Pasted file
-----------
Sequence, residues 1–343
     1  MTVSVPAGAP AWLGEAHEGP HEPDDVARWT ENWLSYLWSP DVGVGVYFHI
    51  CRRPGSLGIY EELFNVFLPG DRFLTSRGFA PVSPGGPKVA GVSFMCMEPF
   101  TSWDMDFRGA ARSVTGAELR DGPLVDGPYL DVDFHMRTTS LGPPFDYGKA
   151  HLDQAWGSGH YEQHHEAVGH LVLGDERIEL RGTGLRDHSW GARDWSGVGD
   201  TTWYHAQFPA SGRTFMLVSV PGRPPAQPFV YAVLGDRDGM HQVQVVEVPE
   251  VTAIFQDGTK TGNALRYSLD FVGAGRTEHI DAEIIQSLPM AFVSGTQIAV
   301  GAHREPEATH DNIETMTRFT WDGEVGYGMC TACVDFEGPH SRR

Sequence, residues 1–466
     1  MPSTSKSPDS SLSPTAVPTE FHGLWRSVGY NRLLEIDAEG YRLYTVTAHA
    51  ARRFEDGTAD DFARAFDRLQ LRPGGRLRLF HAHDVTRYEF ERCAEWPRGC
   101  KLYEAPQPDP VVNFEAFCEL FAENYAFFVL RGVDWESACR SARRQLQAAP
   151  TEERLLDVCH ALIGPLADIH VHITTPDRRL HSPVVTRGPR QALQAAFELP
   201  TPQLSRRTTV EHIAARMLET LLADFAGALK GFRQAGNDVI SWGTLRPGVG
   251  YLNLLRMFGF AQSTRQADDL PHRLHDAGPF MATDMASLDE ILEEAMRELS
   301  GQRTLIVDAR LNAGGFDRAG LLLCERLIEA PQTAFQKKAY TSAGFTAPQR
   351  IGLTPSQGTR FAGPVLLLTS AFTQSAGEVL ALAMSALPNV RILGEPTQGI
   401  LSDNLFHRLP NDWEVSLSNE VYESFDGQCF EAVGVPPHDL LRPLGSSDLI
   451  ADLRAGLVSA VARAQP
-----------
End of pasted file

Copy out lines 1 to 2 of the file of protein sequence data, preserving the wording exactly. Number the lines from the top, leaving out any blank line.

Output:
Sequence, residues 1–343
     1  MTVSVPAGAP AWLGEAHEGP HEPDDVARWT ENWLSYLWSP DVGVGVYFHI